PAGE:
The typical start-up is dynamic, innovative and risk-taking. Many of these young companies are focusing on technologies such as artificial intelligence, autonomous driving, data & analytics, Industry 4.0, blockchain or virtual reality. They develop applications to market maturity and build business areas that corporates do not yet occupy. For these, start-ups can therefore represent an attractive cooperation partner, often in combination with financial participation.
If many corporates are nevertheless holding back on their involvement with startups, it’s partly because they need to venture into uncharted territory. Start-up investments differ from other M&A processes in terms of preparation and execution. Only those who know the specific challenges will master them and achieve the desired success.
Due Diligence – own focus
When investing in a start-up, due diligence must focus on particular areas. This is for four reasons:
– Start-ups usually focus on dynamic growth. Problems are solved pragmatically and with as little consulting effort as possible. Therefore, there may be significant undetected risks. These should be uncovered prior to the transaction.
– The business model is often limited to a single technology. If the start-up does not have all rights to this technology or is not entitled to the sole right to fully exploit this technology commercially, the basis required for the investment is missing. Similarly significant effects may exist if the innovative business model disregards regulatory requirements, such as lacking public law approvals (for example, a banking license) or bypassing legal restrictions (for example, in the area of data protection).
– The budget for due diligence is usually smaller than for other M&A transactions. Despite the risk nature of the investment, the consultant must therefore limit his due diligence. This requires a good level of experience and a cooperative working relationship during due diligence with the client and founders.
– Founders do provide guarantees about the status of the company in the transaction agreements. Unlike M&A transactions, however, these are often of little value – when push comes to shove.
Involvement of the founders – participation versus takeover
In a complete acquisition, there is a temptation to integrate and assimilate the start-up into the acquiring company. The founders then become normal employees and lose their previous – entrepreneurial – position. This change of role is typically not in line with how they see themselves and can be detrimental to the operational success of the investment.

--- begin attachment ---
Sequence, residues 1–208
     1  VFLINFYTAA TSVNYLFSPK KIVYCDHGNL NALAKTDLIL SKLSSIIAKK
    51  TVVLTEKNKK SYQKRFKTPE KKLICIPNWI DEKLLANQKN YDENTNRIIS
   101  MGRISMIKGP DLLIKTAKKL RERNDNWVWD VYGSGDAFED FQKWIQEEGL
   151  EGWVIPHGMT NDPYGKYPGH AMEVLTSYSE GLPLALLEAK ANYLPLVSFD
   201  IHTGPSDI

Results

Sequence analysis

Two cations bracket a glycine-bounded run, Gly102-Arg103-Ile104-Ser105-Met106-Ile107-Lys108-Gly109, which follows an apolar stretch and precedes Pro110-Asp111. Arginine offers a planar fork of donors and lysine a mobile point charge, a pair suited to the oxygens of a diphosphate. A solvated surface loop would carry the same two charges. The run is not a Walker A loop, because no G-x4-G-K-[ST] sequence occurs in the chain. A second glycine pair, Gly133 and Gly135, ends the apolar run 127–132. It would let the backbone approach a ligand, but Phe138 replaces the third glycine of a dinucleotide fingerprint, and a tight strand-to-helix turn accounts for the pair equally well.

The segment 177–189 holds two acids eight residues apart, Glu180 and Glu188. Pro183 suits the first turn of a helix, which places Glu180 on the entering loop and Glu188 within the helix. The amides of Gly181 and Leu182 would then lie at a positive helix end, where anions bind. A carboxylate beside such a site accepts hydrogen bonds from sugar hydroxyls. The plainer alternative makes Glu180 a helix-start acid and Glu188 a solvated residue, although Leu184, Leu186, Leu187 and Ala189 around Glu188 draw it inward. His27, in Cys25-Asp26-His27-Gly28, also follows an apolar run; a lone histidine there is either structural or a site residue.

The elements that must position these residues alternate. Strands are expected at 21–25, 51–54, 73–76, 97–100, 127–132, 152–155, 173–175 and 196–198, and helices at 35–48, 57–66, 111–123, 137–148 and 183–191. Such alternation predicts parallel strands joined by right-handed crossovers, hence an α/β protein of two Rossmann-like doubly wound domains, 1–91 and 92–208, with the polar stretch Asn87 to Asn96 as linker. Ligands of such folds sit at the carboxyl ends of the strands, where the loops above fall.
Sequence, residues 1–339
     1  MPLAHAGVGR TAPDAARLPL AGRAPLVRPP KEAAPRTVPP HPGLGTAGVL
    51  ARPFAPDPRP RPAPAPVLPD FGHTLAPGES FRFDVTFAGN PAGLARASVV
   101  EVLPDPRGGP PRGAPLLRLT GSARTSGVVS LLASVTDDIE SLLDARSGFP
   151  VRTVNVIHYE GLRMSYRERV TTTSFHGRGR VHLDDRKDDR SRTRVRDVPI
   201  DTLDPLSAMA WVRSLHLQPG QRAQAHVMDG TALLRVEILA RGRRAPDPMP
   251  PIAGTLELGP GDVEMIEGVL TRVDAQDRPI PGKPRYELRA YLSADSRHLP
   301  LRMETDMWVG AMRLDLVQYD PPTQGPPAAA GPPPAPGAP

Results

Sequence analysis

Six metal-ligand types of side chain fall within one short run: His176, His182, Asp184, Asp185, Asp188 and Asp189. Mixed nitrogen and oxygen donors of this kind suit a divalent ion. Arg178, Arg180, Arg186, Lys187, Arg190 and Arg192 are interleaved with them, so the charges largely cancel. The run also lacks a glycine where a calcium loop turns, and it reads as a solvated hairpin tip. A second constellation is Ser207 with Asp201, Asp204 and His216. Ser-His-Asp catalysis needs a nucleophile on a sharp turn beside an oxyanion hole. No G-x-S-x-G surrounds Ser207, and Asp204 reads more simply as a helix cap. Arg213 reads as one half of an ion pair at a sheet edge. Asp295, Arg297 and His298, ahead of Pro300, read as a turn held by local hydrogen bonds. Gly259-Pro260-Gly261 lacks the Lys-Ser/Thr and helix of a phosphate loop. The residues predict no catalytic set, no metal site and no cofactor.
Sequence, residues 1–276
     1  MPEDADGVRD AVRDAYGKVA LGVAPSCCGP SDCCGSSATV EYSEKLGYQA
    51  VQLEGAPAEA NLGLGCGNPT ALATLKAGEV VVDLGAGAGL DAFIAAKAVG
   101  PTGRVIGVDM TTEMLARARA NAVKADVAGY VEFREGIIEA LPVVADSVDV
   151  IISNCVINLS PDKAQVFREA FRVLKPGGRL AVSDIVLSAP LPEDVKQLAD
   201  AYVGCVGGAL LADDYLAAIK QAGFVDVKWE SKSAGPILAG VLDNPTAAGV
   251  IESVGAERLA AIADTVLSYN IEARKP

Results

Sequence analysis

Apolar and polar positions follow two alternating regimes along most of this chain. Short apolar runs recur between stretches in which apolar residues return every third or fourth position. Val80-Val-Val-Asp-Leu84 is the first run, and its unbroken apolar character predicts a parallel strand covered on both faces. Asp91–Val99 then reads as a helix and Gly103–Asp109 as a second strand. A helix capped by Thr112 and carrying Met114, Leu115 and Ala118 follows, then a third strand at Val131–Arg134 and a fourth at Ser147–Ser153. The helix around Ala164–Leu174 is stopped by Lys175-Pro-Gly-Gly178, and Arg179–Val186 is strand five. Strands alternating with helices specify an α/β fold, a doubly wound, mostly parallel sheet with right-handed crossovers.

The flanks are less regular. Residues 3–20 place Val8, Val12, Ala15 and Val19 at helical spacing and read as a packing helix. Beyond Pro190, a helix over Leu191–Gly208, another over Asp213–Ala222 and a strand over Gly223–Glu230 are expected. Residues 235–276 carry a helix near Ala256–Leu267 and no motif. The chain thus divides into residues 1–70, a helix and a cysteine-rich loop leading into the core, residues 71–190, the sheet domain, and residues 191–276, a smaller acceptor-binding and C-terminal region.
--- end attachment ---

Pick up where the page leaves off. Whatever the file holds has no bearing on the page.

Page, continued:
In most cases, therefore, corporates only take a minority stake, which leaves the founders greater decision-making leeway and entrepreneurial incentive. The corporate can secure the necessary influence on decision-making by means of qualified majority requirements, which give it a say in the shareholders’ meeting and reservations of approval for certain management measures. He is thus actively involved in shaping the corporate governance of the start-up.
Since the corporate usually wants to use its share in start-ups in particular in the medium to long term, it must protect itself against the founders leaving the start-up or breaching agreements. The Corporate achieves this with a so-called vesting agreement. These are contractual provisions that obligate the founder to transfer his shares in the start-up to the corporate should the founder leave prematurely or violate agreements. Depending on the length of the founder’s activity for the start-up, the sum of the business shares to be (re)transferred by the founder decreases.
The schedule – cooperation instead of exit
In contrast to venture capital funds or business angels, a corporate usually invests in a start-up with staying power. Typically, he does not pursue a short-term profit interest, but would like to work with the start-up in the long term and use its creativity, dynamism and technology for himself.
Therefore, a corporate does not aim for an exit after three to five years, but usually contractually agrees on a longer-term cooperation with the start-up. Depending on the business model, R&D, licensing, supply and distribution agreements may be considered here. From the corporate’s point of view, this is often the central element of the investment, which is sensibly hedged by other arrangements such as rights of first refusal or call options. This is also in the interest of the founders, who often need know-how and market access in addition to fresh capital and also pursue a long time horizon.
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